Chicken is a winning category for convenience stores because it gives ample opportunity to emphasize creativity and daypart expansion with convenient and affordable meals and snacks.
“The United States Department of Agriculture (USDA)’s forecast for chicken consumption is 98.9 pounds (per capita), which is 2.9 pounds or 3% ahead of the 96 pounds in 2019,” said Tom Super, senior vice president of communications for the National Chicken Council (NCC). “To achieve the forecast of growth in chicken consumption, companies and retailers will have to continue to do what brought them to the dance — that is, good, consistent taste/flavor/wholesomeness, competitive value and convenience with cooked portions leading the way forward and upward.”
In February 2019, Kwik Trip and Kwik Star, with 700 locations in Minnesota, Wisconsin and Iowa, introduced a made-fresh-in-store chicken program to its Kitchen Cravings brand in half of its stores, and it’s rapidly becoming an integral part of the company’s foodservice program, said Paul Servais, retail food service director, Kwik Trip.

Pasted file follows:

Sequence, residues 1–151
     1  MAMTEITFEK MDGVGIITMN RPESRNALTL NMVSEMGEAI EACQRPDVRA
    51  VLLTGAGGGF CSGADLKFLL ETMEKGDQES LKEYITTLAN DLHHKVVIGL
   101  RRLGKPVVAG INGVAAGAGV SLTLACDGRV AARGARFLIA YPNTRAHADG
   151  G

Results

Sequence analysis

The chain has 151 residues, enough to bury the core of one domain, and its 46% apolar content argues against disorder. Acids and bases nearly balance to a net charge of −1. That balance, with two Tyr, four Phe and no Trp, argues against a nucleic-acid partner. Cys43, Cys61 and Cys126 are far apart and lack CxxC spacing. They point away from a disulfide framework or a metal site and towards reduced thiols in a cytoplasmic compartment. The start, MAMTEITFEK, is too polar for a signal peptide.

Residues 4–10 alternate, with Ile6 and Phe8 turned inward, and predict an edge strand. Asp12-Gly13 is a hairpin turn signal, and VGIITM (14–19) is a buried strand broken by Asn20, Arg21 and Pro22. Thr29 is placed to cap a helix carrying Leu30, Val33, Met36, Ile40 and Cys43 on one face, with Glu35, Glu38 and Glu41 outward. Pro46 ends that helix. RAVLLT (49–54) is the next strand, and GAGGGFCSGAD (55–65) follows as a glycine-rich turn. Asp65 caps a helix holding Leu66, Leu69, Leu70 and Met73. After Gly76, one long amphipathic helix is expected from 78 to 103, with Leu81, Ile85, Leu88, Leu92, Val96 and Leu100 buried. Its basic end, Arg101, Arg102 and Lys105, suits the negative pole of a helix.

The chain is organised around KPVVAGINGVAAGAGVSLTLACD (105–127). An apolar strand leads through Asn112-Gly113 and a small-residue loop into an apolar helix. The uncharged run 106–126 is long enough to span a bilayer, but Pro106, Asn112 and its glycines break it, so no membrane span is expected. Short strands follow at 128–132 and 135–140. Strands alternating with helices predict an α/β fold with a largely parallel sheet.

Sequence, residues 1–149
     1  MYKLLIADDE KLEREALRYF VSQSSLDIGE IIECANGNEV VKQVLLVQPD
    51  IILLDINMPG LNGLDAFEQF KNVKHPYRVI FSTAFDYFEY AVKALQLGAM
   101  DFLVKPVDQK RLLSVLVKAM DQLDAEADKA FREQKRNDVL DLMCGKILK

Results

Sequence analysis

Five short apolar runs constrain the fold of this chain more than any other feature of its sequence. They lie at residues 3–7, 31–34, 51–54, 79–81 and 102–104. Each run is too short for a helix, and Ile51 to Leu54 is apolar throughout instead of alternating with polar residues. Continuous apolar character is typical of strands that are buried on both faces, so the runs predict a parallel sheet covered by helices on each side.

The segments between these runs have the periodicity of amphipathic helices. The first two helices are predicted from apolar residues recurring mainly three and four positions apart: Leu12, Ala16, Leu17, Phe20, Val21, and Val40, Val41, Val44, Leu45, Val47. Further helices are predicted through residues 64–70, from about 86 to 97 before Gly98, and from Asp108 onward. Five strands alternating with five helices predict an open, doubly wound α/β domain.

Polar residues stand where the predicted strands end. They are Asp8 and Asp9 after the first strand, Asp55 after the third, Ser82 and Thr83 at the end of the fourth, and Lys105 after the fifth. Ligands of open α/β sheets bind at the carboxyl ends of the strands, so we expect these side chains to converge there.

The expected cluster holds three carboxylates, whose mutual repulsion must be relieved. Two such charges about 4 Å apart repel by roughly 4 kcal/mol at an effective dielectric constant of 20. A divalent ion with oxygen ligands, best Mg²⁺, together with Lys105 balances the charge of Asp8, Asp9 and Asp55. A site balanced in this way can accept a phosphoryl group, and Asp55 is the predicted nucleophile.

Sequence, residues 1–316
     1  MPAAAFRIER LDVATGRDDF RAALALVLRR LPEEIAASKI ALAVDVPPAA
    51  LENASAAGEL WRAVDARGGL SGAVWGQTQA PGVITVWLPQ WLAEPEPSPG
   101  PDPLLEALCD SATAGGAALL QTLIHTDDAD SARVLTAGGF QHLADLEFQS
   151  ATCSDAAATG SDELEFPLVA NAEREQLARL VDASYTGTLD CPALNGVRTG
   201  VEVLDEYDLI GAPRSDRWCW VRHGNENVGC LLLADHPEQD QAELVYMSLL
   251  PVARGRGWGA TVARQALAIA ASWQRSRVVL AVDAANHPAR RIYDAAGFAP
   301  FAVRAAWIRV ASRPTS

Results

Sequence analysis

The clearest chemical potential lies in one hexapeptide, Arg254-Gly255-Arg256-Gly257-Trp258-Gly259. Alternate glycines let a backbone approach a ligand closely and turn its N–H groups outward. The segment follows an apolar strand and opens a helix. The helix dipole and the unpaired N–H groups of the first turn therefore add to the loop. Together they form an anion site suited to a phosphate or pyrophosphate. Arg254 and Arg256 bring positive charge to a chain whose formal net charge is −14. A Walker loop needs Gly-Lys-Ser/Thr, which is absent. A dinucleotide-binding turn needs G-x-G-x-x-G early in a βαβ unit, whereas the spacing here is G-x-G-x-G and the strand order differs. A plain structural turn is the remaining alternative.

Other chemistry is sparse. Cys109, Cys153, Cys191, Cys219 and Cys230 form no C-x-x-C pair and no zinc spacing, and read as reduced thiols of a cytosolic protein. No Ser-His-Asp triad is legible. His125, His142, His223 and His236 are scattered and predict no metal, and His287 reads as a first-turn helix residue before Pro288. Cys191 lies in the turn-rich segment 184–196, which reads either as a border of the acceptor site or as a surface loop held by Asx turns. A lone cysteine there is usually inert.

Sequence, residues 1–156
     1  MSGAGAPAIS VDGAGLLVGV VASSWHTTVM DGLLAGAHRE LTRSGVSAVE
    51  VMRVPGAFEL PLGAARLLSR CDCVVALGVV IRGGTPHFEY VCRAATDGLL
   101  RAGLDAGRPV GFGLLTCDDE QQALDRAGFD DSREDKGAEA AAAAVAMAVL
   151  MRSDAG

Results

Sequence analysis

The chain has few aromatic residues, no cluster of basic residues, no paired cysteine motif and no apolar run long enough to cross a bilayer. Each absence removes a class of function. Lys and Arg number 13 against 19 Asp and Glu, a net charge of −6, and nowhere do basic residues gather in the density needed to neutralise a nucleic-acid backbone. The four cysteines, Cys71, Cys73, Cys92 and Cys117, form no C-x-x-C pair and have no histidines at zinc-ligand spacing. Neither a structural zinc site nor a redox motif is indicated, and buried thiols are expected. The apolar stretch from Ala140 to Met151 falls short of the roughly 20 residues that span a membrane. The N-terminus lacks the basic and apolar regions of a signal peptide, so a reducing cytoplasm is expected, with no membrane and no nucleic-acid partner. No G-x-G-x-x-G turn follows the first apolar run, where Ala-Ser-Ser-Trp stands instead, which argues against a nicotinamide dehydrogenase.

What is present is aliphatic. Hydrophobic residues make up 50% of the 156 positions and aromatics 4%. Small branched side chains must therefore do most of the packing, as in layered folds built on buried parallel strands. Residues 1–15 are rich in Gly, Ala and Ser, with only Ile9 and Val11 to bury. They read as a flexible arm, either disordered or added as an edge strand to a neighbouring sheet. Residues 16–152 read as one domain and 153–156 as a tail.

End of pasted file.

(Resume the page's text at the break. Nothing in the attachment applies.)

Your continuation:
“During lunch, we sell a lot of two-piece boxes and four-piece tenders from our hot display cases,” Servais said. “Eight-piece boxes do well in the afternoon, and easy to grab and go two- and three-piece tenders are increasingly popular as snacks.”
Any leftover chicken is sold from the stores’ cold cases. But Servais said there has been little to no waste.
For customers looking for a non-fried option, and to support the effort to expand the stores’ take-home dinner sales, Kwik Trip is launching a roasted chicken program, Servais said.
Versatile & Affordable
Chicken is a versatile and affordable source of protein, according to research firm Mintel’s December 2019 report on poultry.
In one Mintel survey, almost half of consumers said that breast meat in particular is the healthiest part of the chicken and the best source of protein.
But chicken thighs came out on top with consumers when it comes to being flavorful, followed by drumsticks and breasts.
Consumers who reported eating dark meat cuts were more interested in flavor innovation, particularly Korean and Latin American flavor profiles, than those who reported eating white meat cuts or whole poultry.
The report suggested retailers develop new recipes, including ones that are built around dark meat and feature bolder, international flavors to create excitement in the category.